This question is a partial duplicate of this one and this one.
When ATC gives a heading, receives the correct readback, but observes a 10- to 15-degree difference between the actual and intended tracks, does the specialist incorporate this difference into future vectors?
Sometimes. The controller issues headings but observes ground track. If the wind is causing drift, the controller will compensate for it when she provides vectors. Sometimes, if an aircraft is suitably equipped, a controller will ask for a wind report in order to better judge the winds at altitude.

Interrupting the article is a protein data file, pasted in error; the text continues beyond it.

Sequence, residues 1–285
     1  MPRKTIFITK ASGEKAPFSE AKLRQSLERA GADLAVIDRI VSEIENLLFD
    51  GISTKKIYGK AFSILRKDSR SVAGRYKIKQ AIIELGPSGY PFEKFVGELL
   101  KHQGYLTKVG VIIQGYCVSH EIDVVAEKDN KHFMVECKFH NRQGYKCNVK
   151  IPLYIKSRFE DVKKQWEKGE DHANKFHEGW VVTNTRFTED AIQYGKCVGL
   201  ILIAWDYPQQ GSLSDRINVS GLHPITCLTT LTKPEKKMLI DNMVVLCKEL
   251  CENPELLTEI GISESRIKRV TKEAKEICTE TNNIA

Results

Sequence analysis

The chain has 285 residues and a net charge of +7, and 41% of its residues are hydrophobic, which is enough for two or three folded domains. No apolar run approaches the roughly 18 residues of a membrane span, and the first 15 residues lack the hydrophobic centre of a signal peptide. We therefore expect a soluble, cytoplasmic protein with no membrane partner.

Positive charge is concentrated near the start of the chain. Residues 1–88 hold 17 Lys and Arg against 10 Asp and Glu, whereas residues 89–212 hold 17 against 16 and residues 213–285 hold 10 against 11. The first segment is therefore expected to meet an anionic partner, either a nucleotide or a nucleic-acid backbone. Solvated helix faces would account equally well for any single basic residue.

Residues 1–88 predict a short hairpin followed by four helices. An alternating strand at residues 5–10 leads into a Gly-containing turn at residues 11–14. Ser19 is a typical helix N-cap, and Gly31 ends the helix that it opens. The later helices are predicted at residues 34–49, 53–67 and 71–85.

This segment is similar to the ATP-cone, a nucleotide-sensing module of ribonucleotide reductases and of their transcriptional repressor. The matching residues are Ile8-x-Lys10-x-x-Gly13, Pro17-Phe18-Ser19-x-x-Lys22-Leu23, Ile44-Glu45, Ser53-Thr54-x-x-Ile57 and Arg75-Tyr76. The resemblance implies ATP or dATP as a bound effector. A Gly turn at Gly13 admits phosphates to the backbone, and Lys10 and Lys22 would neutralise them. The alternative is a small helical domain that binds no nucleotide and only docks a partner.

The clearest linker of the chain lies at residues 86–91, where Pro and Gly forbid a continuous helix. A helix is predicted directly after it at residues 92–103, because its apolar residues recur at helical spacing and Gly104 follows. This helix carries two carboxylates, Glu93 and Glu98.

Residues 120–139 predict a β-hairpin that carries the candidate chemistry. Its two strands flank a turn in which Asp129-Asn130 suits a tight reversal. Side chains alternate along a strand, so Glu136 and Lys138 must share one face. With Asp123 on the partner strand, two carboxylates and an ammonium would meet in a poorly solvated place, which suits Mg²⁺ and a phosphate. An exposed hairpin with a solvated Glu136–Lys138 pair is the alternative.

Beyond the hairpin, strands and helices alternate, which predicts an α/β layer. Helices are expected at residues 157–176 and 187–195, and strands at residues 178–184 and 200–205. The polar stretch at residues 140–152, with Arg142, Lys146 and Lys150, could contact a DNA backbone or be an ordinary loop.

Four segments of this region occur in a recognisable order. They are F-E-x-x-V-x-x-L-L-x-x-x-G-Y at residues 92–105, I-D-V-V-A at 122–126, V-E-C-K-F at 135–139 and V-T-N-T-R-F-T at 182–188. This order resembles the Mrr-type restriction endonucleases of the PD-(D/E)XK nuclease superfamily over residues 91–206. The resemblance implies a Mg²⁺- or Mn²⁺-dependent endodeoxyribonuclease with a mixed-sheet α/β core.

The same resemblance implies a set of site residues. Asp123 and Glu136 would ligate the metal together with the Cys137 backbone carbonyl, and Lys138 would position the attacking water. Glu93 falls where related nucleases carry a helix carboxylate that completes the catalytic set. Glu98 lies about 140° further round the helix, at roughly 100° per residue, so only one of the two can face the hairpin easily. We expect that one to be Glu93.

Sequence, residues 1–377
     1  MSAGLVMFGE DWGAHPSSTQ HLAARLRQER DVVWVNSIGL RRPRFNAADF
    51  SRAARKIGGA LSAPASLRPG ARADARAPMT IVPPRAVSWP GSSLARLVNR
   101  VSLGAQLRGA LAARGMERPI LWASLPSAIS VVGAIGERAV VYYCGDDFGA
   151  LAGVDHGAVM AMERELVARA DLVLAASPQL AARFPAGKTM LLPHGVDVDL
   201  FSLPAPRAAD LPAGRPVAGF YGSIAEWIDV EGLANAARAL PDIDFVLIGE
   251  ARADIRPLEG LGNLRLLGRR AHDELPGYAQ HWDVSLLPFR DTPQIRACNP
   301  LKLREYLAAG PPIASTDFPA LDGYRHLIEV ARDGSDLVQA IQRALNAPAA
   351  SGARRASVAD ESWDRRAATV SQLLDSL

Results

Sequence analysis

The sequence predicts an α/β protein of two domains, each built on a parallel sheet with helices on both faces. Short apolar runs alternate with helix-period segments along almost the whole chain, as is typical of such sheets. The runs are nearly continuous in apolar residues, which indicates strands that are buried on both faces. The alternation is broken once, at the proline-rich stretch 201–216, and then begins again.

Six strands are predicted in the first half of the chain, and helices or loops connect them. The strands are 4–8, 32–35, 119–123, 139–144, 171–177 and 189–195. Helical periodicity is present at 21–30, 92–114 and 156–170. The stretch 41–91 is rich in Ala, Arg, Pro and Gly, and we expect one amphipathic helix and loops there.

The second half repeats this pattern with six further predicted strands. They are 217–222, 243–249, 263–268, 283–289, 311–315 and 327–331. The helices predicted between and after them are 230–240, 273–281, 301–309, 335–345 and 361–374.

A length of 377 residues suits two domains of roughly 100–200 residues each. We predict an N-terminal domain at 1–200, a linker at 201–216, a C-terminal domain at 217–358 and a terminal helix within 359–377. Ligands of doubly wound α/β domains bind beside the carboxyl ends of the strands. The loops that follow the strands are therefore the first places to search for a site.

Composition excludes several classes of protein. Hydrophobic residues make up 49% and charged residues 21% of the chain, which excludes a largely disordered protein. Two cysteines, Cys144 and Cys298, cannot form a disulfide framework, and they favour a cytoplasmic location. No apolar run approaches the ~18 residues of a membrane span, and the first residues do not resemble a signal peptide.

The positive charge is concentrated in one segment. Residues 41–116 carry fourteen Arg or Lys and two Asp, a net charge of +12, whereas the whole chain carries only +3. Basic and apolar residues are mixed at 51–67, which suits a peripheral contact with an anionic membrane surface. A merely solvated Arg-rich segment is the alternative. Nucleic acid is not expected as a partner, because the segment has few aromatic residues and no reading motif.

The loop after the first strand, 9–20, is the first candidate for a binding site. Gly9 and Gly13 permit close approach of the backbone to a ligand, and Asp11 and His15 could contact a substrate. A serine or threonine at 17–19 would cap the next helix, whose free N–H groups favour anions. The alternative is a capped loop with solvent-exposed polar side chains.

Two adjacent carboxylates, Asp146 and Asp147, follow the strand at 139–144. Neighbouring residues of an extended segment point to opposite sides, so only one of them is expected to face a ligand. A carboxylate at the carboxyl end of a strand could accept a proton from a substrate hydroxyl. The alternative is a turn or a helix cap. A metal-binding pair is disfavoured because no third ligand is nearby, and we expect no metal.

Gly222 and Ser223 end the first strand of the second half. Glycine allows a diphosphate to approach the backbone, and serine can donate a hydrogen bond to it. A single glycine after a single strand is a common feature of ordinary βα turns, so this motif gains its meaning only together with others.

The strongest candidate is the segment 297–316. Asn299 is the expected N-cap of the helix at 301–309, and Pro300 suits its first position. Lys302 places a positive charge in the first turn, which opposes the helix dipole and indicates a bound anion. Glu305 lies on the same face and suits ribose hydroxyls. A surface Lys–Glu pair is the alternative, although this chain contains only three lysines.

Do approach and traffic separation vectors generally have a healthy margins of error?
Yep. See here.
How does apparent compass deviation or directional gyro precession factor into vectors that ATC issues?
It's up to the pilot, not the controller, to correct for compass deviation (since only the pilot can see the compass correction card inside the aircraft) and gyro precession (since only the pilot can turn the little knob to reset the gyro).